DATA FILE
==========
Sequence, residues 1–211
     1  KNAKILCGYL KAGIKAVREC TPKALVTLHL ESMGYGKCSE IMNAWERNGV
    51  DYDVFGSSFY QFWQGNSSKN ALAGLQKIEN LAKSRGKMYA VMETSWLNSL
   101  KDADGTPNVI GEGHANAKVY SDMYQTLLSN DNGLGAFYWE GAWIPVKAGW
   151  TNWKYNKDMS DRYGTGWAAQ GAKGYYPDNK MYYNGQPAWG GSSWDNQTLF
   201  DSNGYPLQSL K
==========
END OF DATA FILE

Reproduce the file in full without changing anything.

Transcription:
Sequence, residues 1–211
     1  KNAKILCGYL KAGIKAVREC TPKALVTLHL ESMGYGKCSE IMNAWERNGV
    51  DYDVFGSSFY QFWQGNSSKN ALAGLQKIEN LAKSRGKMYA VMETSWLNSL
   101  KDADGTPNVI GEGHANAKVY SDMYQTLLSN DNGLGAFYWE GAWIPVKAGW
   151  TNWKYNKDMS DRYGTGWAAQ GAKGYYPDNK MYYNGQPAWG GSSWDNQTLF
   201  DSNGYPLQSL K